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  • Writer's pictureTeresa Derrick-Mills

Farm Tools 7: Landscape Fabric

People always ask us, "How do you control weeds if you don't use any chemical sprays?" It is important to us to be good stewards of the soil and to beneficial insects. Still, weeds will hurt our crops and so we have to find other ways. For our perennial plants, we try to get the fabric down in the winter -- that way we have it in place before the weeds start forming and it has the added benefit of warming up the soil so that our intended plants bloom and grow just a little earlier (see the strawberry and blackberry patches below).



Landscape Fabric is an important weed control farm tool

Black landscape fabric with a metal stake on top
Landscape fabric and fabric stake

One weed control tool is buying landscape fabric by the roll. We can't use it when we are direct seeding, but we can use it when we are transplanting seedlings from seed trays (like for tomatoes and peppers), planting slips (like you do for sweet potatoes), or setting up structures to lay the foundation for other planting arrangements (like our berries). After tilling, you put down your drip tape, you lay down the fabric you have cut to fit the area that you want to cover, and secure it with landscape stakes (see the long U-shaped object in the picture). When you are ready to plant, you cut holes through the fabric that are just big enough for your seedlings and you plant them into the soil under the fabric (yes, each one with loving hands).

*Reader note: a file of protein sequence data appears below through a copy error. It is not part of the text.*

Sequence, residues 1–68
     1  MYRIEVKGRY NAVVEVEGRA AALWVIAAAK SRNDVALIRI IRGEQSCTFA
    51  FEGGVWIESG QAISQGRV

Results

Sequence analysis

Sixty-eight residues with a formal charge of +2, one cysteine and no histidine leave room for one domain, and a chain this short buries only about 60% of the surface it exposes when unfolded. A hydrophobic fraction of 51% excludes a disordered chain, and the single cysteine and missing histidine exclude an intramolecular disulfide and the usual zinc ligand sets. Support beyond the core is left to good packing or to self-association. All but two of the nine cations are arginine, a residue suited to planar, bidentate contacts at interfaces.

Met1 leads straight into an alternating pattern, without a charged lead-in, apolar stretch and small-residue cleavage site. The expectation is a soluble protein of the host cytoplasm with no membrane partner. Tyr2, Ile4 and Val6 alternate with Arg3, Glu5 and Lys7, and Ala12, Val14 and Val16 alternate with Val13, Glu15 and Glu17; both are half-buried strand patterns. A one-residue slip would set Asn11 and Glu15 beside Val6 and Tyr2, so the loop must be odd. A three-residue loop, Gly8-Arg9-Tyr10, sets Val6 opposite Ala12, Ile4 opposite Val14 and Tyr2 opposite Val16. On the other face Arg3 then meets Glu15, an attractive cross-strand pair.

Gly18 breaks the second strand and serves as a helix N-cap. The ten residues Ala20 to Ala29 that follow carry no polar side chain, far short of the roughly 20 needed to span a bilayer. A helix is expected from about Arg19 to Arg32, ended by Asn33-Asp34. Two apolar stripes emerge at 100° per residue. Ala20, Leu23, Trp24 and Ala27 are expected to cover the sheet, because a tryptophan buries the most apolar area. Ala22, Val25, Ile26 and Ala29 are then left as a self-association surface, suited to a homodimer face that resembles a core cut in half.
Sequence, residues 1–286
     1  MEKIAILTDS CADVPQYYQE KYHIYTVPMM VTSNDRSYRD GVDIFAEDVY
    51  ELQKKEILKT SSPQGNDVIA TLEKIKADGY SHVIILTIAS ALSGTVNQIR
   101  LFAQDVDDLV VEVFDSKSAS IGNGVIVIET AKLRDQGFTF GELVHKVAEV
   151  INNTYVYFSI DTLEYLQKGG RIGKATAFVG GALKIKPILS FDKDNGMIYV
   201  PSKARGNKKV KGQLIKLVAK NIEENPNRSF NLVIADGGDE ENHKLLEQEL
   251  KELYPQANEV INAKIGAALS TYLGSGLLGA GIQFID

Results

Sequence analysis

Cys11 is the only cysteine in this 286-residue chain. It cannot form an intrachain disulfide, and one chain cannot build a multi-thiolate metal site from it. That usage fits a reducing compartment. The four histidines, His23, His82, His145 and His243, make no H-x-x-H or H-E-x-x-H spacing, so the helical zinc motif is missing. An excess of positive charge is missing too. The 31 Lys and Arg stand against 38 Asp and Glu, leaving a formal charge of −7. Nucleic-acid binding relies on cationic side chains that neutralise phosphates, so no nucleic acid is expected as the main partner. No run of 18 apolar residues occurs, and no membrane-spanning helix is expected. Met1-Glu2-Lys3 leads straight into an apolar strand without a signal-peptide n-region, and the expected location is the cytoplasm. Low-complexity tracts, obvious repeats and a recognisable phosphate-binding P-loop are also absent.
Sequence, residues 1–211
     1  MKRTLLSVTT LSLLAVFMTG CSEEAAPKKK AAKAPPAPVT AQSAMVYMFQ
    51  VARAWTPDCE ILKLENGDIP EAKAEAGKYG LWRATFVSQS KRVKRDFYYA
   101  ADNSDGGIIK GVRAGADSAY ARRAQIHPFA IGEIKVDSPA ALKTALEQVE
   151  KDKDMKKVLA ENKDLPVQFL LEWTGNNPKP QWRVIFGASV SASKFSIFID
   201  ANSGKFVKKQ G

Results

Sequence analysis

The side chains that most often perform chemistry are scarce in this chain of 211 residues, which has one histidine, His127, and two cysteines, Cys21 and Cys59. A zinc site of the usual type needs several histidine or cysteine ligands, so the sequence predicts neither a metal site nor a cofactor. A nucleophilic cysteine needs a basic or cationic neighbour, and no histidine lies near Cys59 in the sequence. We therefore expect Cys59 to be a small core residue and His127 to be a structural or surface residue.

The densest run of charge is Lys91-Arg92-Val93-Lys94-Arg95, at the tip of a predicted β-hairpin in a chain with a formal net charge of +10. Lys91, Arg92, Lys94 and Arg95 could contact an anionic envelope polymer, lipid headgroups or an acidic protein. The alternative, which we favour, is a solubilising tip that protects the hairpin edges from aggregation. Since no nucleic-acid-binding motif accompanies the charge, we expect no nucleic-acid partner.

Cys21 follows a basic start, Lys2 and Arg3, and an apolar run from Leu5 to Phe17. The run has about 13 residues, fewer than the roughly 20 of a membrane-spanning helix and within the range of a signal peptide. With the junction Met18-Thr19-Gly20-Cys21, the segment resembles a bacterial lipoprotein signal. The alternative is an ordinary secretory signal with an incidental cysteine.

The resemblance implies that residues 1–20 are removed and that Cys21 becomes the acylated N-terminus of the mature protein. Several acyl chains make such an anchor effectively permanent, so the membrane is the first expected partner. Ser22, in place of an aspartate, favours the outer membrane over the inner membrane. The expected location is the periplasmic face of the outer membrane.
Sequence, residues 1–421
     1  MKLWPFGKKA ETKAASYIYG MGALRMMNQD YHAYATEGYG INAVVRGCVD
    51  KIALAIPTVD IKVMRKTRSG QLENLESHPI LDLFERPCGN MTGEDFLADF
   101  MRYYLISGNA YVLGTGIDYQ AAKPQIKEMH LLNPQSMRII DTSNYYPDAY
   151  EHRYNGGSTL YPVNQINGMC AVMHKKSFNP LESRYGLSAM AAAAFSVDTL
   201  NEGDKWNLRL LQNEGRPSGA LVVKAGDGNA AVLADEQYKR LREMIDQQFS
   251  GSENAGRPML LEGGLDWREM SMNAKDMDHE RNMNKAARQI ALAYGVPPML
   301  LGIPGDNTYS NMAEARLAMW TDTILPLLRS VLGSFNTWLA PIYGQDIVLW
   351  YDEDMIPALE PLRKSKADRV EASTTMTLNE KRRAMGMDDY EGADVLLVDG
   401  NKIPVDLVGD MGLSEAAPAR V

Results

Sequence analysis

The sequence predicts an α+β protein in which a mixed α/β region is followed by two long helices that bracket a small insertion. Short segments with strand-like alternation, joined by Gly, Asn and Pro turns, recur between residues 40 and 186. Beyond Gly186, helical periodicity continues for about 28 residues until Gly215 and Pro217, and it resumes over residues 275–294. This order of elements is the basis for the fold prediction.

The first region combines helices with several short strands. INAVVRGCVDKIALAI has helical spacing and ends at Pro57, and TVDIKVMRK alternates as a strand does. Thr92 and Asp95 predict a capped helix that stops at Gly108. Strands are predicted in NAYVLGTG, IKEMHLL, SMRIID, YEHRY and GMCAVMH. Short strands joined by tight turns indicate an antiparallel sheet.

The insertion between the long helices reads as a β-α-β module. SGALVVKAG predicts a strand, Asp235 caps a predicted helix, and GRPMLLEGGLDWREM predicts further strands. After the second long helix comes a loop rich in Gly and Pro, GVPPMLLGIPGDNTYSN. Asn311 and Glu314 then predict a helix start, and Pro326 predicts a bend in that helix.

Controlling weeds is an important part of farming. If you don't control weeds, then your crops are likely to produce less and may die entirely.

This is because weeds:

  • take nutrition from the soil that was meant for your crops

  • crowd out your crops -- sometimes blocking the sunlight from reaching them

  • choke your crops -- this is particularly true for vining weeds like morning glories (I love the flowers too when they stay in their lane, but they love to climb all over the other things you were hoping to grow and literally strangle them)

  • create a haven and highway for other insect pests that will eat your crops

  • make it difficult for you to harvest your plants if they survive -- many weeds are quite prickly (we have a challenge with thistle, for example)



The pictures show how we use it to:

  • lay the foundation for our raised strawberry patch and make spaces where our blackberries thrive (top set)

  • line the bottom of our high tunnel where our hundreds of tomato plants live (middle set)

  • create the bed for our pepper plants and cauliflower plants (below)







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